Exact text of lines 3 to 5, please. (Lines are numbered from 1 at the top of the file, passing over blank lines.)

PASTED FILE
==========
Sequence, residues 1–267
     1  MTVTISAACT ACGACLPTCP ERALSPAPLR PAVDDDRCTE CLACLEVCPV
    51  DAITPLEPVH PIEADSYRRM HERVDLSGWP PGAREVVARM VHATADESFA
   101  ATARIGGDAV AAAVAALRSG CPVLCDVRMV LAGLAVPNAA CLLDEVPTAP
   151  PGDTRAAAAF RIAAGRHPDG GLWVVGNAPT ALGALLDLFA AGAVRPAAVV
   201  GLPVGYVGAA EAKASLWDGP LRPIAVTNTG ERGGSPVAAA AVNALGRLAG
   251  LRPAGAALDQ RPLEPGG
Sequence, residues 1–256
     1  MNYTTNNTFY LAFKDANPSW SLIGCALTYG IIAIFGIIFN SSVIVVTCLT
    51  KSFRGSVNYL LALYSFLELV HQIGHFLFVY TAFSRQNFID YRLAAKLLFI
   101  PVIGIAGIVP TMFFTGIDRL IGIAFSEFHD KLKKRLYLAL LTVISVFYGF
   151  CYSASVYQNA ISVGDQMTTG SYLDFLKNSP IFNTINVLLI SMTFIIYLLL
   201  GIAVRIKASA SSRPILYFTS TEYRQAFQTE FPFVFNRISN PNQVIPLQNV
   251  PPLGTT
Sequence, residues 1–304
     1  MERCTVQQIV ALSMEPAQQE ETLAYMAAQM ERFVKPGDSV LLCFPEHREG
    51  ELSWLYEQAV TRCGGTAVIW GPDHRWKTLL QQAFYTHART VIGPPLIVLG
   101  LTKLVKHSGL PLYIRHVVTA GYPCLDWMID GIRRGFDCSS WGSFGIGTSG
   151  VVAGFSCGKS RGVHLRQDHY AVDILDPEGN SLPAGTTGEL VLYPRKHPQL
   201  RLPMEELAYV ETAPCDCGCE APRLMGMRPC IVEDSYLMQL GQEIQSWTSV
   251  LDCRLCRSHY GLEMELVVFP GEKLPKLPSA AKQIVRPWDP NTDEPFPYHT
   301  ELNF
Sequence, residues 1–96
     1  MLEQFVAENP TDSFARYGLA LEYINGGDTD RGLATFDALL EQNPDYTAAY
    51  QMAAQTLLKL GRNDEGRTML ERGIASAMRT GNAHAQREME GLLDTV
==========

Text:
    51  DAITPLEPVH PIEADSYRRM HERVDLSGWP PGAREVVARM VHATADESFA
   101  ATARIGGDAV AAAVAALRSG CPVLCDVRMV LAGLAVPNAA CLLDEVPTAP
   151  PGDTRAAAAF RIAAGRHPDG GLWVVGNAPT ALGALLDLFA AGAVRPAAVV